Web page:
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Biologically Plausible Dynamic Artificial Neural Networks

Joseph T. Devlin jdevlin at pollux.usc.edu
Mon Jan 11 14:42:25 EST 1993


Ulf Andrick  writes:
>I just wanted to counter the view that Artificial Neural
>Networks (ANN) are suitable to explain everything in the brain.

  I think I can be fairly confident when I say that no-one
really suggests that ANNs might explain "everything in the
brain" - that'd be a neat trick!  It'd put us all out jobs,
however...
 
>Further more, the posting I answered to referred to small
>neural systems in simple organisms, and here, I don't see a
>field for the application of ANN. I think of the stomatogastric
>ganglion of the crab or the flight generator of the locust
>when talking about small neural systems. 

  I think this depends on what exactly you are referring to
when you say "Artificial Neural Net (ANN)".  If you mean any
computational model of neural activity then certainly
Selverston's work at UCSD qualifies as a small ANN in a simple
organism (the lobster stomatoganglion system).
  If, on the other hand, you mean solely the more traditional
ANNs such as the models in McClelland and Rumelhart's PDP book
then I would agree.  These types of models seem to provide no
real insight into detailed neural systems that are fairly well
characterized biologically but I don't believe they were intended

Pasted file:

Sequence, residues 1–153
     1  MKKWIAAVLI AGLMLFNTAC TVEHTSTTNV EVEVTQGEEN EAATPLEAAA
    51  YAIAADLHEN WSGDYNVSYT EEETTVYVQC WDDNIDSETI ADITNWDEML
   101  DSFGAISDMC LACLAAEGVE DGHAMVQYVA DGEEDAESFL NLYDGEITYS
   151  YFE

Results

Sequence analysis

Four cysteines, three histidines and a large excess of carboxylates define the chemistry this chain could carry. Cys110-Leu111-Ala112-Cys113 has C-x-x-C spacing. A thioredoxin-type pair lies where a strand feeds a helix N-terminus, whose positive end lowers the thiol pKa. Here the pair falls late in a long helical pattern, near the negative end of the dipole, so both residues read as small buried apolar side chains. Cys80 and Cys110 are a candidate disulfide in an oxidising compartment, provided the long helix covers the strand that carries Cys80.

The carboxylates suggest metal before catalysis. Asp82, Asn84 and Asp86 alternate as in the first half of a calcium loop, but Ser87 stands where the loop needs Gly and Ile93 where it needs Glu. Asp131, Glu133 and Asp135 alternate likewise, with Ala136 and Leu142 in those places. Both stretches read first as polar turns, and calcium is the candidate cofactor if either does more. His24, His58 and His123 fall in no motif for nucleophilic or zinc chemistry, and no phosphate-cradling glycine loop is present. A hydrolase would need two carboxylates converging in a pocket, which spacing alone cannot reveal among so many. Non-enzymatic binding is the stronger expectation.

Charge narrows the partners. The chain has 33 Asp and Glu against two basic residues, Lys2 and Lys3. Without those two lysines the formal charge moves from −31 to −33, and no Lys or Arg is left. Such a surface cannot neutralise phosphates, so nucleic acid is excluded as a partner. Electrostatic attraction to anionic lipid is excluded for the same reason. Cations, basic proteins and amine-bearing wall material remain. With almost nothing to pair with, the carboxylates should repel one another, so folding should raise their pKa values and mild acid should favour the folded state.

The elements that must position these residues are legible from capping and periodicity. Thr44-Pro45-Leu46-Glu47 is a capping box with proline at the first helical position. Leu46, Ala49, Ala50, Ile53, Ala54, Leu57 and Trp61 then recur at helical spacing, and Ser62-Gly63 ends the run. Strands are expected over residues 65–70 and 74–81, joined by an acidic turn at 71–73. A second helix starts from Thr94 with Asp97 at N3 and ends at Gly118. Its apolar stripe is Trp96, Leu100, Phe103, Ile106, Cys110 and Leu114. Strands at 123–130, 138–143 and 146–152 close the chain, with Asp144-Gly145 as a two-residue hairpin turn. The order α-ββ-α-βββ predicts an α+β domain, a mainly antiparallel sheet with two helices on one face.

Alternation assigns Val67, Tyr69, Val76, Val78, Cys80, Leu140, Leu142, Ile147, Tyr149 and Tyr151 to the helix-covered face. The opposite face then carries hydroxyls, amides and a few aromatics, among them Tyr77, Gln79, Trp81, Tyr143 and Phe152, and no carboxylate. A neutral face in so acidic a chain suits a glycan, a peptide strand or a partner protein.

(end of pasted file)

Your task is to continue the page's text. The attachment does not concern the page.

to, either.  PDP models are more useful for modeling cognitive
issues where the underlying biology is as yet unknown but 
nonetheless the modeler would like to capture general components
of the biology - such as distributed representation, massive
parallelism, etc.  As it stands there is certainly debate concerning
the usefullness of these models - see the ongoing McCloskey/Seidenberg
debate - but  I like Seidenberg's arguments which I think are very
elegant (but I work in his lab so I'm biased. :-) 

							- Joe

*************************************************************************
Joseph Devlin                      * email: jdevlin at pollux.usc.edu
University of Southern California  *
Department of Computer Science     * "The axon doesn't think.
Los Angeles, CA 90089              *  It just ax."  George Bishop
*************************************************************************

  McClelland and Rumelhart (1986) _Parallel Distributed Processing_, MIT Press.

  McCloskey (1992) Networks and theories: The place of connectionism in cognitive
science. _Psychogical Science_

  Rowat & Selverston (1991) Learning algorithms for oscillatory networks with
gap junctions and membrane currents.  _Networks 2_, 17-41.

  Seidenberg (in press) [A response to McCloskey...] _Psychological Science_

Note: The references are from memory basically so I apologize for any
      inaccuracies in advance.  I just can't remember the title of the
      Seidenberg paper - my copy doesn't have one.



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